"Eu tenho um lote na fazenda."

Translation:I have a lot at the farm.

July 18, 2013



property, parcel, piece, section all should be correct.

December 1, 2013


Joanna child below also suggests ‘plot’.

September 23, 2015


In the USA, at least, ‘section’ means something more specific in a rural context: a square mile (640 acres) as plotted out in township and range (in the style derived from the Northwest Ordinance).

September 23, 2015


This is a bizarre word to introduce to a beginner, almost like they're trying to confuse us.

March 4, 2014


What do they mean by "A lot in the the farm"? A lot ON the farm? Still not a very useful or common phrase in English to put it mildly. Could it not be "a farm lot"?

July 18, 2013


Lote = a plot of land. So it means the person has a portion/share at the farm.

July 18, 2013


You are the most helpful person ever.

July 28, 2013


I put plot but it was not correct...

April 6, 2014


In UK English we say plot or allotment.

May 19, 2018


So- not "a lot" as in "many" eg: Question- "Do you have any tractors?" Answer- "I have a lot on the farm."

November 11, 2014


I do not understand what is meant by "lot" here - I translated it as "plot", which was wrong.

December 8, 2015


Should be plot; that's the right word for a personal sub-section of a farm. A lot is it's own thing, legally, right? Not an unofficial sub-part.

June 18, 2017


The sound of LOTE is wrong. You need to speak this word the same way you pronounce in English. In Portuguese there are two syllables Lo - te. In English there is one syllable Lot. The same way you pronounce in English you should pronounce the first syllable in Portuguese.

November 15, 2018


That's useful to know. Thank you.

February 16, 2019


22/9/2018 'Plot' still not accepted.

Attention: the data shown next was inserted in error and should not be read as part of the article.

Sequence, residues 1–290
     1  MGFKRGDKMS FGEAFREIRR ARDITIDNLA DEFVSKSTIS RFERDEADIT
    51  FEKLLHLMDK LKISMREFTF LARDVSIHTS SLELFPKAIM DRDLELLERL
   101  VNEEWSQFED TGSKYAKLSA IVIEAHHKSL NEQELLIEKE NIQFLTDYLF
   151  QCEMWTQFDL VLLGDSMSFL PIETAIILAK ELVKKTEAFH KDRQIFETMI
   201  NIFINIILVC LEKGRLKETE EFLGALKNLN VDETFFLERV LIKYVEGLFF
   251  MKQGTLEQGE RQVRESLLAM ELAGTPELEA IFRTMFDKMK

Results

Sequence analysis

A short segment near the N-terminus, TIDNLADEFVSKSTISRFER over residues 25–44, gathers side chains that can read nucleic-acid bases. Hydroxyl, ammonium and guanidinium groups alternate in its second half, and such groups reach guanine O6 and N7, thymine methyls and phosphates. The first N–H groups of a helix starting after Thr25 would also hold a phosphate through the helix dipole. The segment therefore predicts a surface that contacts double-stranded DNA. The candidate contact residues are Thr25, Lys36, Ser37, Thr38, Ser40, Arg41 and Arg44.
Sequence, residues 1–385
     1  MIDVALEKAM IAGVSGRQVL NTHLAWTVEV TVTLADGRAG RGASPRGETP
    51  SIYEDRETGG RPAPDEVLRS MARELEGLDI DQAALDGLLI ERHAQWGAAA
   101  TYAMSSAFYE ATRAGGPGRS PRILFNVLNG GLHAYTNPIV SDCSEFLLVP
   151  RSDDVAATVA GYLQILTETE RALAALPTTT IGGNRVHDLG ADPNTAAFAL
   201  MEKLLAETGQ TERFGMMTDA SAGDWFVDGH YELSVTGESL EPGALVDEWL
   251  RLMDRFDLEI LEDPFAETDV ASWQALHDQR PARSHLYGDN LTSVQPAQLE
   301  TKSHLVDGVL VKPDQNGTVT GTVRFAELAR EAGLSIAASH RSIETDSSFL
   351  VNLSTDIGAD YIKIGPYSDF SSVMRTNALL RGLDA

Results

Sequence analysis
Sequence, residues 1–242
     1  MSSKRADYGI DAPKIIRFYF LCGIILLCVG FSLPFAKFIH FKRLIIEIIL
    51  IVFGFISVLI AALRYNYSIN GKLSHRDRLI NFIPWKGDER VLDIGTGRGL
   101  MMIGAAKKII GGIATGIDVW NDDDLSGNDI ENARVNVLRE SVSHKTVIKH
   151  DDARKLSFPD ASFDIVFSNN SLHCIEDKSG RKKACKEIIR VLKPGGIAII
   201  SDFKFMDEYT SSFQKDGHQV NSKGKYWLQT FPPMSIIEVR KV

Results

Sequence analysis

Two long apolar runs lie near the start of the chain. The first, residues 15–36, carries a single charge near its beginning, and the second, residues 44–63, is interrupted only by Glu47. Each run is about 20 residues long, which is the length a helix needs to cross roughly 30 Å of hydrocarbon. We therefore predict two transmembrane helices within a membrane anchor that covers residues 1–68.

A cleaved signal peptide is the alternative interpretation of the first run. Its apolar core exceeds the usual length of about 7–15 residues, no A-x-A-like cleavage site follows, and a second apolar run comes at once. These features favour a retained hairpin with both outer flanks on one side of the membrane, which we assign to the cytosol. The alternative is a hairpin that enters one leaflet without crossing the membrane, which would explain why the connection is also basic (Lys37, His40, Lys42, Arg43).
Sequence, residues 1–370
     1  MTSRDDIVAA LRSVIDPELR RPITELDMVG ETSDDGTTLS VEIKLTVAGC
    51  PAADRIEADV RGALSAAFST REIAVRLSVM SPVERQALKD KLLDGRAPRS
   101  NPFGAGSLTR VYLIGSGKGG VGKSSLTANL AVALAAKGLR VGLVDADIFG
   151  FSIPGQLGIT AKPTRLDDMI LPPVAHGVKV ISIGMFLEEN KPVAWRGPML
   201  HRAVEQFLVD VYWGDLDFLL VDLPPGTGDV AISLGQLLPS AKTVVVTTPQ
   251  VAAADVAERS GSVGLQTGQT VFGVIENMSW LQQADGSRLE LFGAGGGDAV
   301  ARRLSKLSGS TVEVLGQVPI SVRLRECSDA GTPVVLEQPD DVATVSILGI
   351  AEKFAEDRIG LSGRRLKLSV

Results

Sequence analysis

September 22, 2018


Just remember to report it every time it happens so Duo can correct...eventually :D

September 23, 2018


The word 'lote' is used for both lot (area of land) and lot (quantity)?

February 17, 2019


"Lote" is not used in Portuguese to express quantity.

  • a lot of = muitos/muitas/um monte de
February 17, 2019


Sorry Paulo, you are a reference for me, and hundreds or thousands of students. But, respectfully, in this issue I have other point of view.

Parmalat produces milk in Brazil. This company divides the production in lots (maybe in one thousand or more, I don't know ).

My example says : "The last lot of milk ( a large quantity - maybe 1,000 ) is spoilt / spoiled".

The link Investopedia says that one standard lot is equivalent a 100,000 units , when you invest your money. There is one standard lot that Reuters works that is 1.000.000 (one million units ).


What is lot? The businessdictionary says : " Defined quantity of a thing . ............."


Please read these two links that show clearly that one lot of production, depending the company, can be a huge quantity of the same product ( production standard).

February 18, 2019


Yes, in this case, I see "lote" as "bunch" in English.

  • O novo lote de produtos está pronto para a venda. = The new batch of products is ready for sale.

What I meant here is that you can't use "lote" in the same context as "a lot of" in English.

February 19, 2019


Thanks, Paulo. That's what I wanted to know about... whether it can be used as "a lot of" in the sense of there being many.

"The last lot of milk" doesn't contain 'lot' in the sense of many things, it contains lot in the sense of grouped things, just as a 'lot' at an auction contains a group or assortment of things.

March 3, 2019


Yes, it works for both meanings : 1) The last lot of milk ( a large quantity) is spoilt/spoiled.

2) I bought a lot ( a piece of land ) to build my house.

February 17, 2019


Was anything other than "a lot" accepted for anyone?

Also, would the phrase "I have a lot at the farm" ever make a native speaker think of some share or something instead of asking "a lot of what?"

March 31, 2019


All about context. If you started the conversation with that, the natives would think of an area of land you have there. If you're talking about some type of noun before saying that line, then the context has probably been established and you're likely to be talking about the quantity of that noun.

May 10, 2019


A plot of land, a site to build a house, an acre of land, etc sounds better than a lot in English

June 10, 2019


Why wouldnt it accept plot? We English don't use the term lot in this context and lote translates as plot

June 22, 2019
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